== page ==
9. “I’m tough, I’m ambitious, and I know exactly what I want. If that makes me a bitch, okay.” – Madonna (1958)

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Madonna has achieved an unprecedented level of power and control for a woman in the entertainment industry. She has sold more than 300 million records of her music and she has turned her hands to songwriting, acting, film-directing and producing, fashion designing and writing children’s books.

10. “Each coming together of man and wife, even if they have been mated for many years, should be a fresh adventure; each winning should necessitate a fresh wooing.” – Marie Stopes (1880-1958)


The british scientist Marie Stopes is best known for her achievements in the fields of birth control and sex education in the 20th century. She publicly addressed romantic and sexual happiness in a marriage, thereby, breaking many barriers in the society.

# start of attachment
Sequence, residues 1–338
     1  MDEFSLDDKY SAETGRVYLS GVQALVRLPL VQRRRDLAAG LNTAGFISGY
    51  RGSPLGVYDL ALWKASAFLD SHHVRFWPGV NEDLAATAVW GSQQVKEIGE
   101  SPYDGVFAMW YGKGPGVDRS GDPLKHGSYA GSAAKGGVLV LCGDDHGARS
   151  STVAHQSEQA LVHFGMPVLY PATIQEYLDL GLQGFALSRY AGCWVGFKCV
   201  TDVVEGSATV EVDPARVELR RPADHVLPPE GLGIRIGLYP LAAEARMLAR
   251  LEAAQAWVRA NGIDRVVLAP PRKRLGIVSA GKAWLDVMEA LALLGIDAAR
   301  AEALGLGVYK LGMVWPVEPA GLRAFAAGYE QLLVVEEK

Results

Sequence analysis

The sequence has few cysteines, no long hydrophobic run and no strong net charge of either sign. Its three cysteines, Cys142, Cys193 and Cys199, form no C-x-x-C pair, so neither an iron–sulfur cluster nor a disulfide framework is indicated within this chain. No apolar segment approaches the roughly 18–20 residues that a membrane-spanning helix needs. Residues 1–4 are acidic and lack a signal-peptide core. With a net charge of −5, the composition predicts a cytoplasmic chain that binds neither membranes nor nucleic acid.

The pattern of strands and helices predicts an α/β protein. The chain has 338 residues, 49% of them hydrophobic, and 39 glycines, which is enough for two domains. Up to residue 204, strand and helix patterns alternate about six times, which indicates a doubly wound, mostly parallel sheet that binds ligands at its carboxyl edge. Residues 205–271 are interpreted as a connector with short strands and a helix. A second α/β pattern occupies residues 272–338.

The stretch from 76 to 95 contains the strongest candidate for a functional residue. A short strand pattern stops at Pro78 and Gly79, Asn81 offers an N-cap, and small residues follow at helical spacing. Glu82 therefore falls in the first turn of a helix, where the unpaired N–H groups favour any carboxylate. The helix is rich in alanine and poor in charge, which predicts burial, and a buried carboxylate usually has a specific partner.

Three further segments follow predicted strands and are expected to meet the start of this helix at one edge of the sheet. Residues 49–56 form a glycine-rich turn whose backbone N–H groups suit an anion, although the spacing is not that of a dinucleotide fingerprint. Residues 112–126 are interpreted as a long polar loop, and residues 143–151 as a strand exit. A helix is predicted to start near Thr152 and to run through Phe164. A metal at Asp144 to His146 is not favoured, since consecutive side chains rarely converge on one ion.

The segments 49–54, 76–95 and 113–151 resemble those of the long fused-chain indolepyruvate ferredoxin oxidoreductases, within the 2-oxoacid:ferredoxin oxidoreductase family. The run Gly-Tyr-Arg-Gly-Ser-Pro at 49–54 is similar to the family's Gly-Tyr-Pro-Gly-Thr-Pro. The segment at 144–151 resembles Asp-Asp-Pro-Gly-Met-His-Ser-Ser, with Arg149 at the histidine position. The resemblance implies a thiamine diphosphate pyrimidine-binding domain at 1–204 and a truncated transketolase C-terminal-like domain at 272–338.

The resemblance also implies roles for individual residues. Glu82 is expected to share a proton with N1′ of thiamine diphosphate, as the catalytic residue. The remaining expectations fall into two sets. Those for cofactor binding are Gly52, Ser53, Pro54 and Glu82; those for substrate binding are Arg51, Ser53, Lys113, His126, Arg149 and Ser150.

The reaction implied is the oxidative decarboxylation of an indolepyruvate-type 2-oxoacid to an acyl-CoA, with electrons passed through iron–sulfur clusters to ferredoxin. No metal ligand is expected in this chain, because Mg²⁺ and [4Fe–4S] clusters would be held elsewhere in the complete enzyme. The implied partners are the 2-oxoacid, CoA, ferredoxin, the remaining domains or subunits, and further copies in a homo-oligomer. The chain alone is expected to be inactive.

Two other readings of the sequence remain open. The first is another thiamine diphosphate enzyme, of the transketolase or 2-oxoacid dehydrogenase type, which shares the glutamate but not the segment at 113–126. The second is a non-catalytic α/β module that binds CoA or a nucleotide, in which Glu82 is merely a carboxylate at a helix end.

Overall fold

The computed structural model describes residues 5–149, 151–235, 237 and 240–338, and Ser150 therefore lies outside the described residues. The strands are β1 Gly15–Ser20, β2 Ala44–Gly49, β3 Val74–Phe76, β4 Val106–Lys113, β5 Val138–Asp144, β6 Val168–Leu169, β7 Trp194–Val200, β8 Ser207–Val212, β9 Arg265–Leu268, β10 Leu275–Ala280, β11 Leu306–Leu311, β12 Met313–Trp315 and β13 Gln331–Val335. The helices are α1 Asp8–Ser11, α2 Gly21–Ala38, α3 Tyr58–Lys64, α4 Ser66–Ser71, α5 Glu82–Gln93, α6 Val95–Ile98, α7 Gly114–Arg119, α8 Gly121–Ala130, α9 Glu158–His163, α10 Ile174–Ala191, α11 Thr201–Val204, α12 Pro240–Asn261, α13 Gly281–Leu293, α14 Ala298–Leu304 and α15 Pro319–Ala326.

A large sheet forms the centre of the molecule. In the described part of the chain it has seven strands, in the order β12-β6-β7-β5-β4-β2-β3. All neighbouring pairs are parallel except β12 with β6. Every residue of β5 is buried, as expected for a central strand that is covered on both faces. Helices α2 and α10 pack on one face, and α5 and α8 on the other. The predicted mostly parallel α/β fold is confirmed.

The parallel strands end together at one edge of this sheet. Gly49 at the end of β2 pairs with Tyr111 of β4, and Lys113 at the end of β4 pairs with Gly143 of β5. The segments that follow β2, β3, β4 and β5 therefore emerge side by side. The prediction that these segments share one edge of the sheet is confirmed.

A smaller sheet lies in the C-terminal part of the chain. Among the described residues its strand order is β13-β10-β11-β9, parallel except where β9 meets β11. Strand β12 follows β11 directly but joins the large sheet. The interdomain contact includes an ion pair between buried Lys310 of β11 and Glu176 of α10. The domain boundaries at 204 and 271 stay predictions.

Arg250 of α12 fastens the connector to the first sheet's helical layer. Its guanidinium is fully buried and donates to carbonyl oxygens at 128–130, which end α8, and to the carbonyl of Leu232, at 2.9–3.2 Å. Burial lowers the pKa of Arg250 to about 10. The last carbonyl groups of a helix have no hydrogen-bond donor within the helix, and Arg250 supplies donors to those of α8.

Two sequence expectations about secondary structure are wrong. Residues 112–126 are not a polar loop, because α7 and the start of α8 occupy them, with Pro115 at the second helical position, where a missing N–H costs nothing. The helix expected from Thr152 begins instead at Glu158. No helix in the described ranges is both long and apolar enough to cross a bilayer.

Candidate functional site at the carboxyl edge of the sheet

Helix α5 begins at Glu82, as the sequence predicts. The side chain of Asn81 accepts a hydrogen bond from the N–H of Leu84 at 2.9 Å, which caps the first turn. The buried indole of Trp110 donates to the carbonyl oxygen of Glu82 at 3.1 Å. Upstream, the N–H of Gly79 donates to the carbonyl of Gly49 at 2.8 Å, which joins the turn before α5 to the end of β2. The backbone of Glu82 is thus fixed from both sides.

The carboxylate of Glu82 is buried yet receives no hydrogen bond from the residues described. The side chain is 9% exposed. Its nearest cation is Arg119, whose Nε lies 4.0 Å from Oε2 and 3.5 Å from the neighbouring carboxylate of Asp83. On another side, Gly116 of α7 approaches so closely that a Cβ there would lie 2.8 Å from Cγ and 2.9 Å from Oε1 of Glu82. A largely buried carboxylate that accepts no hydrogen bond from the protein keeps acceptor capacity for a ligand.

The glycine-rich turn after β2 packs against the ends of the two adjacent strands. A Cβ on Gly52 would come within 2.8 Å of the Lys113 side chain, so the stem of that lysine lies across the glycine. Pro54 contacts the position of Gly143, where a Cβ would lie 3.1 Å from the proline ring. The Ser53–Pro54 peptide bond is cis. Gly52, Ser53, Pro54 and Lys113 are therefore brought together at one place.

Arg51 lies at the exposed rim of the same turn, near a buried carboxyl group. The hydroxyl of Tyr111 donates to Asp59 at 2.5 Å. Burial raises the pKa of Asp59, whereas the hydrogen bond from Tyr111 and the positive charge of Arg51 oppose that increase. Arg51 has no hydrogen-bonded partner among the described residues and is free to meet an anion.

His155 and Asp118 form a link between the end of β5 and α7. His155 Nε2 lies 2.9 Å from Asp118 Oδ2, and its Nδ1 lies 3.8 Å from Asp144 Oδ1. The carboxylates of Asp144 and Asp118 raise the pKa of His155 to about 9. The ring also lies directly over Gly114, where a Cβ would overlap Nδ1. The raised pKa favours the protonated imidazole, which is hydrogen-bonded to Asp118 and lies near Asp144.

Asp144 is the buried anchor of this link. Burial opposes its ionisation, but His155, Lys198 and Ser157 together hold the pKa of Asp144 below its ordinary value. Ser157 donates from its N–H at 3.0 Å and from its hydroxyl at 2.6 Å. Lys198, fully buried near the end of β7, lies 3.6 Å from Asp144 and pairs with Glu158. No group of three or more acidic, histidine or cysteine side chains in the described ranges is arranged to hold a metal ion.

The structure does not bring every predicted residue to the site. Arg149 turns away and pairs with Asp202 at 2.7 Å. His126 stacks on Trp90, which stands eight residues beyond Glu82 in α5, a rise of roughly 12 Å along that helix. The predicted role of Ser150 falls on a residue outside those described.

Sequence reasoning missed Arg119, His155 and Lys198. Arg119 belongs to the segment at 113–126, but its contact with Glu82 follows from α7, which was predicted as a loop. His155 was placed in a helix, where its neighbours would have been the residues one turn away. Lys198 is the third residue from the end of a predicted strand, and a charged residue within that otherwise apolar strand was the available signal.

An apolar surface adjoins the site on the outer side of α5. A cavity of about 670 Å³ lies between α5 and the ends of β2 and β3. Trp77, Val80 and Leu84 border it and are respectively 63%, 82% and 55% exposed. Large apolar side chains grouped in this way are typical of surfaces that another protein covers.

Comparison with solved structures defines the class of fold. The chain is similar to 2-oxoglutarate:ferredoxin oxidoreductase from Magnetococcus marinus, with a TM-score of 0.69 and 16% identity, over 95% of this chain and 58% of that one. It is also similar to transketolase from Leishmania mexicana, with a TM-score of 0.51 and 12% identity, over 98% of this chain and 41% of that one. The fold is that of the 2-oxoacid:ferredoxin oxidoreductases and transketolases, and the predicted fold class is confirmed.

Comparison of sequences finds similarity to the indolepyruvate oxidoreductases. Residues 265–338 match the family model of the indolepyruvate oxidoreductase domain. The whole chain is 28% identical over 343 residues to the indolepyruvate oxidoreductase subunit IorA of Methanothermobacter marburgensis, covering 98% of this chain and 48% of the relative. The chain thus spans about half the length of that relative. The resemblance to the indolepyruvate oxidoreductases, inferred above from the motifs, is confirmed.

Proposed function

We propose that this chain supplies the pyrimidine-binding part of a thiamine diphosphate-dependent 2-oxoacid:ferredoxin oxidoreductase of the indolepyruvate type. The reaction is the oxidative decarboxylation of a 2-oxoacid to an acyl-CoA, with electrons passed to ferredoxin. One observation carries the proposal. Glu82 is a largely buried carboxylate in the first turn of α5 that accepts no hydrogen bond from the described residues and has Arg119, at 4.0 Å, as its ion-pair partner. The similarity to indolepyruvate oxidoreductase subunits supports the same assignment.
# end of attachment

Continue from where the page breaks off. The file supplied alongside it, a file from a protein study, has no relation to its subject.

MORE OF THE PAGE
11. “Fashion is not frivolous. It is a part of being alive today.” – Mary Quant (1934)


Mary Quant was an influential fashion designer and she shaped the image of the swinging sixties. She was credited for creating the mini-skirt and hot pants.

12. “If there’s specific resistance to women making movies, I just choose to ignore that as an obstacle for two reasons: I can’t change my gender, and I refuse to stop making movies.” – Kathryn Bigelow (1951)


Kathryn Bigelow, a US director, is the first ever woman to win an academy award for a war film, she won an award for The Hurt locker.